In the last post, I showed how to prove, using only elementary tools, that zero is not the successor of any natural number, that
O = succ(m) leads to a contradiction.
In this post, we’ll see that the successor function is injective. Writing
S in place of
succ, we’ll show that if
S(m) = S(n), then
m = n.
As before, we start with our own version of the natural numbers.
inductive mynat : Type | O : mynat | S : mynat → mynat
The strategy for our proof will be to find a predicate
P on pairs of natural numbers such that on the assumption
h : S(m) = S(n), the following criteria are satisfied:
h₃, a proof of
P (S m) (S n), we can easily prove the result
m = n.
- We can easily construct
h₁, a proof of
S(m) = S(m) → P (S m) (S m).
Why does this help? Substituting equation
h₂ : S(m) = S(n) → P (S m) (S n). But we know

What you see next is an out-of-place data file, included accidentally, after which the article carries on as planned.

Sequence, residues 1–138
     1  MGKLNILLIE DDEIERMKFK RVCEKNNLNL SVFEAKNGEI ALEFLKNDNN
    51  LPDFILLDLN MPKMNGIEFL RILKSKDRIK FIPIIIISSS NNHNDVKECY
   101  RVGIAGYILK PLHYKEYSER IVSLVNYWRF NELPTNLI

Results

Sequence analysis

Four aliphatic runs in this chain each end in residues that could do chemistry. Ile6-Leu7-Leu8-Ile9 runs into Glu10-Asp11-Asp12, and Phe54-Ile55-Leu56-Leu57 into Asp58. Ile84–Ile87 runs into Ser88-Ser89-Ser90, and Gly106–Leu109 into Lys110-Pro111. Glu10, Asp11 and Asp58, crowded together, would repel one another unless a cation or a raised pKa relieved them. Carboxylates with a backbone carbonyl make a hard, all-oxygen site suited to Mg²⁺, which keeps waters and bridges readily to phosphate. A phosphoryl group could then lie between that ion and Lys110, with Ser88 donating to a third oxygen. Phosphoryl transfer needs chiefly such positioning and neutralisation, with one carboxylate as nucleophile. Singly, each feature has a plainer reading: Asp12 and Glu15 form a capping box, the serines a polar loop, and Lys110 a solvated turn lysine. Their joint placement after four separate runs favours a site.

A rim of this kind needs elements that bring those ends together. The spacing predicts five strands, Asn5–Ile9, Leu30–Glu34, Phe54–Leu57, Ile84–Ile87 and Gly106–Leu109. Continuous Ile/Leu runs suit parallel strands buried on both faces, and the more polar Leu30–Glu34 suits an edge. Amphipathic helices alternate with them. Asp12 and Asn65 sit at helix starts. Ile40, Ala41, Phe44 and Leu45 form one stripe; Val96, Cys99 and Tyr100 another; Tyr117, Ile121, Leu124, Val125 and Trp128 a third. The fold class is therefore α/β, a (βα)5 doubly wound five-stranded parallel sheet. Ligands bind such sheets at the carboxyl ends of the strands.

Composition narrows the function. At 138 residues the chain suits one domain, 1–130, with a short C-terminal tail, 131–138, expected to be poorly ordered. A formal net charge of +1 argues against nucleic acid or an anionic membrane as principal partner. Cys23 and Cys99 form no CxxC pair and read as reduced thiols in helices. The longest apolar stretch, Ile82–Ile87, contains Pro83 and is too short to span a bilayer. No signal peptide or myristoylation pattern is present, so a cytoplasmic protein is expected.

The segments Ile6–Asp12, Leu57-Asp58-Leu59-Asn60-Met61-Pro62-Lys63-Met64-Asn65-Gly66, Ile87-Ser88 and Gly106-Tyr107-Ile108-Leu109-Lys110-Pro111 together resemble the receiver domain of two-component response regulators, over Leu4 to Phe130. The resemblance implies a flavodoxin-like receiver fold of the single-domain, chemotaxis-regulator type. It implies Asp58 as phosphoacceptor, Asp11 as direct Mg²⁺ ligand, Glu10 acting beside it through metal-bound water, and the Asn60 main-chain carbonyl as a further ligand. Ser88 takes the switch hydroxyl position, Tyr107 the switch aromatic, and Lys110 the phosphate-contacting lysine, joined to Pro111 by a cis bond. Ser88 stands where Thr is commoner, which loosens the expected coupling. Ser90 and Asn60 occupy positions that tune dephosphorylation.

h, a proof of the antecedent of this implication, and hence we derive
h₃ := h₂ h, the desired proof of
P (S m) (S n). From this, we prove our initial target
m = n.
I’m sure you will agree that the first condition above is satisfied if
P is chosen so that
P (S m) (S n) = m = n.
Since this is a good candidate for
P, we’ll give it a Lean definition.
def P : mynat → mynat → Prop | (S a) (S b) := a = b | _ _ := true
The second pattern in the definition isn’t used on our proof, but Lean functions are total, so we must define
P in all cases.
What remains is to prove the second criterion. By definition,
P (S m) (S m) is simply
m = m. This is true by reflexivity.
Those are all the ingredients. Time to assemble them up into a Lean proof.
lemma succ_inj (m n : mynat) (h : S m = S n) : m = n := have h₁ : S(m) = S(m) → P (S m) (S m), from λ _, rfl, have h₂ : S(m) = S(n) → P (S m) (S n), from h ▸ h₁, have h₃ : P (S m) (S n), from h₂ h, show m = n, from h₃